• Announcements

    • khawk

      Download the Game Design and Indie Game Marketing Freebook   07/19/17

      GameDev.net and CRC Press have teamed up to bring a free ebook of content curated from top titles published by CRC Press. The freebook, Practices of Game Design & Indie Game Marketing, includes chapters from The Art of Game Design: A Book of Lenses, A Practical Guide to Indie Game Marketing, and An Architectural Approach to Level Design. The GameDev.net FreeBook is relevant to game designers, developers, and those interested in learning more about the challenges in game development. We know game development can be a tough discipline and business, so we picked several chapters from CRC Press titles that we thought would be of interest to you, the GameDev.net audience, in your journey to design, develop, and market your next game. The free ebook is available through CRC Press by clicking here. The Curated Books The Art of Game Design: A Book of Lenses, Second Edition, by Jesse Schell Presents 100+ sets of questions, or different lenses, for viewing a game’s design, encompassing diverse fields such as psychology, architecture, music, film, software engineering, theme park design, mathematics, anthropology, and more. Written by one of the world's top game designers, this book describes the deepest and most fundamental principles of game design, demonstrating how tactics used in board, card, and athletic games also work in video games. It provides practical instruction on creating world-class games that will be played again and again. View it here. A Practical Guide to Indie Game Marketing, by Joel Dreskin Marketing is an essential but too frequently overlooked or minimized component of the release plan for indie games. A Practical Guide to Indie Game Marketing provides you with the tools needed to build visibility and sell your indie games. With special focus on those developers with small budgets and limited staff and resources, this book is packed with tangible recommendations and techniques that you can put to use immediately. As a seasoned professional of the indie game arena, author Joel Dreskin gives you insight into practical, real-world experiences of marketing numerous successful games and also provides stories of the failures. View it here. An Architectural Approach to Level Design This is one of the first books to integrate architectural and spatial design theory with the field of level design. The book presents architectural techniques and theories for level designers to use in their own work. It connects architecture and level design in different ways that address the practical elements of how designers construct space and the experiential elements of how and why humans interact with this space. Throughout the text, readers learn skills for spatial layout, evoking emotion through gamespaces, and creating better levels through architectural theory. View it here. Learn more and download the ebook by clicking here. Did you know? GameDev.net and CRC Press also recently teamed up to bring GDNet+ Members up to a 20% discount on all CRC Press books. Learn more about this and other benefits here.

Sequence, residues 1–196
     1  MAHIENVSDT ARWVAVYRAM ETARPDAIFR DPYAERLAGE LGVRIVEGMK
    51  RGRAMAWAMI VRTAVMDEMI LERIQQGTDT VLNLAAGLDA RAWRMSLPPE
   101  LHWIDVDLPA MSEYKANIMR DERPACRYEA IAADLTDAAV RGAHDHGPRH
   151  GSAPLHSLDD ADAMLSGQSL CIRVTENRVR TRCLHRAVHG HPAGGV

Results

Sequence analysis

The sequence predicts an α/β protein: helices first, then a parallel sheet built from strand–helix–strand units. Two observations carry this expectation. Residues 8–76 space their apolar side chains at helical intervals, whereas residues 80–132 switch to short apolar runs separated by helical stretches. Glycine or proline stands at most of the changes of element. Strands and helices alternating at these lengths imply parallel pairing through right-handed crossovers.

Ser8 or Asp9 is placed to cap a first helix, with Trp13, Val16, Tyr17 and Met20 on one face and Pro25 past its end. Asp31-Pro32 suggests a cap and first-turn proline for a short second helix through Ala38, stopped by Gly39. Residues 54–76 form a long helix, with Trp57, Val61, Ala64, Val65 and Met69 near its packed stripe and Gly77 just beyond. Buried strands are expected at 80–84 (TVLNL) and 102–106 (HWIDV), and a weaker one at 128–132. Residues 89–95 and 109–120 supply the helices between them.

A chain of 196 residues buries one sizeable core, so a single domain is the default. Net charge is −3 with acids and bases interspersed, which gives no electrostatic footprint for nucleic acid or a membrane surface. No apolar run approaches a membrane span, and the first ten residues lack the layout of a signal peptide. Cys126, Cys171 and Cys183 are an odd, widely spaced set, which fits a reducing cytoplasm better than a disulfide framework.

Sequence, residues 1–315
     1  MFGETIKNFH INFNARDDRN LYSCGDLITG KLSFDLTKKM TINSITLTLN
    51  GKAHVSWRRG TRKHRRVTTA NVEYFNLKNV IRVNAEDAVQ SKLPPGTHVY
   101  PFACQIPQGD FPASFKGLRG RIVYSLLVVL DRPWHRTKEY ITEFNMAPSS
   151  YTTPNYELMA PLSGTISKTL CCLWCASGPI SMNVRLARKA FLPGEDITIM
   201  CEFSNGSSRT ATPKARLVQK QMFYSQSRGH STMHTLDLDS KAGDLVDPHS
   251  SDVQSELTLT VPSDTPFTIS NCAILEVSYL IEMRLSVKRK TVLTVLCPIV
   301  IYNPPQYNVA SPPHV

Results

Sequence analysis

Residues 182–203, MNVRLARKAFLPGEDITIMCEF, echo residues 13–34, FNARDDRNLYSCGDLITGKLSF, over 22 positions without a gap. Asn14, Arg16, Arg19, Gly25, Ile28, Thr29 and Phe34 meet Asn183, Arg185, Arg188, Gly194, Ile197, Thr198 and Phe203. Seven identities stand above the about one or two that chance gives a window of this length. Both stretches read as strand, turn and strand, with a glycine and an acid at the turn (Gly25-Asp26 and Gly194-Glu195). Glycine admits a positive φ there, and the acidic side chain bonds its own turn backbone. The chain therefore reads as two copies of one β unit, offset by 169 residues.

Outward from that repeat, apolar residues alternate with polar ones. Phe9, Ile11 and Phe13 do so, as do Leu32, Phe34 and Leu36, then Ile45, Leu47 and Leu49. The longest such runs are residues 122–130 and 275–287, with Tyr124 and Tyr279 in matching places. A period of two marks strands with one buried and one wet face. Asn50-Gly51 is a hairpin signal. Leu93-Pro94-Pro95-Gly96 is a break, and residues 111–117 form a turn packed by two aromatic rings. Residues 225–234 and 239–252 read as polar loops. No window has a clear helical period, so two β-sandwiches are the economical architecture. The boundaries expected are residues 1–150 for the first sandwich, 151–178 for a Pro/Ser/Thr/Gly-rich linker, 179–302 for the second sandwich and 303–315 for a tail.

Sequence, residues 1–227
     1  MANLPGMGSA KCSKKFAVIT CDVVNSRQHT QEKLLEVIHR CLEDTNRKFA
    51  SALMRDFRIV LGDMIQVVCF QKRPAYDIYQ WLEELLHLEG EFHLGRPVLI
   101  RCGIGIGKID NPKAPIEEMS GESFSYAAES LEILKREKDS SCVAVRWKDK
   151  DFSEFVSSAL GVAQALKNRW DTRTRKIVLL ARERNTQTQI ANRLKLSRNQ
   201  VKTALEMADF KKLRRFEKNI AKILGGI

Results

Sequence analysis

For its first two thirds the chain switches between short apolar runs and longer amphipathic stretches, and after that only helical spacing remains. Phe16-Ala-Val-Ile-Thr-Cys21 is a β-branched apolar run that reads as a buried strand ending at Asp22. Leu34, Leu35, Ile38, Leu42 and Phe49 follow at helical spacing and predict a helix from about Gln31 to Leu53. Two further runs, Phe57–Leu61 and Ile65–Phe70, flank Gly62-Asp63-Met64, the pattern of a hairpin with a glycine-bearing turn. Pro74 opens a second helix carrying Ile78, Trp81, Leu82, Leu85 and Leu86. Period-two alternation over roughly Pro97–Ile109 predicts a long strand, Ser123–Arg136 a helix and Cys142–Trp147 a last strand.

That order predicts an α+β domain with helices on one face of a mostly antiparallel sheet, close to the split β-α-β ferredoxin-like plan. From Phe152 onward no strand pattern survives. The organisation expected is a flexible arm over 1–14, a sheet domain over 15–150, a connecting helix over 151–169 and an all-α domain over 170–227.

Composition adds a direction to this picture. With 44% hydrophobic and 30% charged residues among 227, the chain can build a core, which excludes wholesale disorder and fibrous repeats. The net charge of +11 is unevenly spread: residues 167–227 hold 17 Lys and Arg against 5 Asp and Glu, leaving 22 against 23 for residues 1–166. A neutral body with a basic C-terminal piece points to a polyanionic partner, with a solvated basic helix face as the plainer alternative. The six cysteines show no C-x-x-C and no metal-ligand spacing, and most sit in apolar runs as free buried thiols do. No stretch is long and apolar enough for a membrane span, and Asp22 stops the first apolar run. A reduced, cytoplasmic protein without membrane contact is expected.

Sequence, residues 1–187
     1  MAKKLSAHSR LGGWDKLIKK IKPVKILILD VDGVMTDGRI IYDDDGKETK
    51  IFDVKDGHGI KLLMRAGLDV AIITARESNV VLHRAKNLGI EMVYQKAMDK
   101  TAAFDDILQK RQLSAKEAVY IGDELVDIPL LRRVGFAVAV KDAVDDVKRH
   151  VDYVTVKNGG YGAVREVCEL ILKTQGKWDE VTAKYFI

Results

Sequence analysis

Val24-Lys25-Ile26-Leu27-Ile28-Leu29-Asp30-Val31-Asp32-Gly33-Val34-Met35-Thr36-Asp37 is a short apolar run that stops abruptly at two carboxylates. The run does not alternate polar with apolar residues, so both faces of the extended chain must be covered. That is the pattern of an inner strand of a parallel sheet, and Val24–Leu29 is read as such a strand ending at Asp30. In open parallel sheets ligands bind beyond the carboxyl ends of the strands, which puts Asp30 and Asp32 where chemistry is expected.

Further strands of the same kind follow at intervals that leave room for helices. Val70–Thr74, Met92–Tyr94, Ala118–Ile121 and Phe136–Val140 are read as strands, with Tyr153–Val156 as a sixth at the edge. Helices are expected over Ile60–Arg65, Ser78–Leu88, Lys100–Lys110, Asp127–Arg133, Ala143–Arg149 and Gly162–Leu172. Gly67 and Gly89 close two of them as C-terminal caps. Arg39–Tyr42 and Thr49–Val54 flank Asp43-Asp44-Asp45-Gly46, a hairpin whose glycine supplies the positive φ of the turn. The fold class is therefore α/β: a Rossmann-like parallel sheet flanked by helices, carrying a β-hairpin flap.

• entries
    625
  • comments
    1446
  • views
    1006497

I'm still not entirely sure I believe that it works

Sign in to follow this  
Followers 0
ApochPiQ

732 views

The following Epoch program now compiles and executes:

//
// GENERICLIST.EPOCH
//
// Simple implementation of a singly linked list holding arbitrary data
//


type listnode : list | nothing

structure list :
T value,
listnode next


prepend : list ref thelist, T value
{
list newlist = value, thelist
thelist = newlist
}


append_recurse : list ref thelist, nothing, T value
{
list newlist = value, nothing
thelist.next = newlist
}

append_recurse : list ref thelist, list ref tail, T value
{
append_recurse(tail, tail.next, value)
}


append : list ref thelist, T value
{
append_recurse(thelist, thelist.next, value)
}

next : list ref thelist -> listnode tail = thelist.next
next : nothing -> listnode tail = nothing

checkvalue : list ref thelist, T expected
{
assert(thelist.value == expected)
}

checkvalue : nothing, T expected
{
print("Unexpected end of list")
assert(false)
}


dumplist : list ref thelist
{
listnode nn = thelist.next
dumplist(nn)
}

dumplist : nothing
{
}


entrypoint :
{
list numbers = 1, nothing

append(numbers, 2)
append(numbers, 666)
prepend(numbers, 0)

dumplist(numbers)

assert(numbers.value == 0)

listnode node = next(numbers)
checkvalue(node, 1)

node = next(node)
checkvalue(node, 2)

node = next(node)
checkvalue(node, 666)

passtest()
}


This is the first implementation of a generic data type container in Epoch.


Suffice it to say it took a monumental effort to pull that off, and I am thoroughly exhausted. The fact that it's 4 AM has nothing to do with that.


Lots of cleanup needed now... there's a host of ugly hacks and leftover cruft floating around the code, and it'll take some time to improve things to the point where I'm happy with the implementation of templates in the language.


The flip side, though, is that I built a working implementation of templates in what amounts to a couple of weekends of work and a spare evening, so I'm pretty darn happy with that.

2
Sign in to follow this  
Followers 0


1 Comment


Create an account or sign in to comment

You need to be a member in order to leave a comment

Create an account

Sign up for a new account in our community. It's easy!


Register a new account

Sign in

Already have an account? Sign in here.


Sign In Now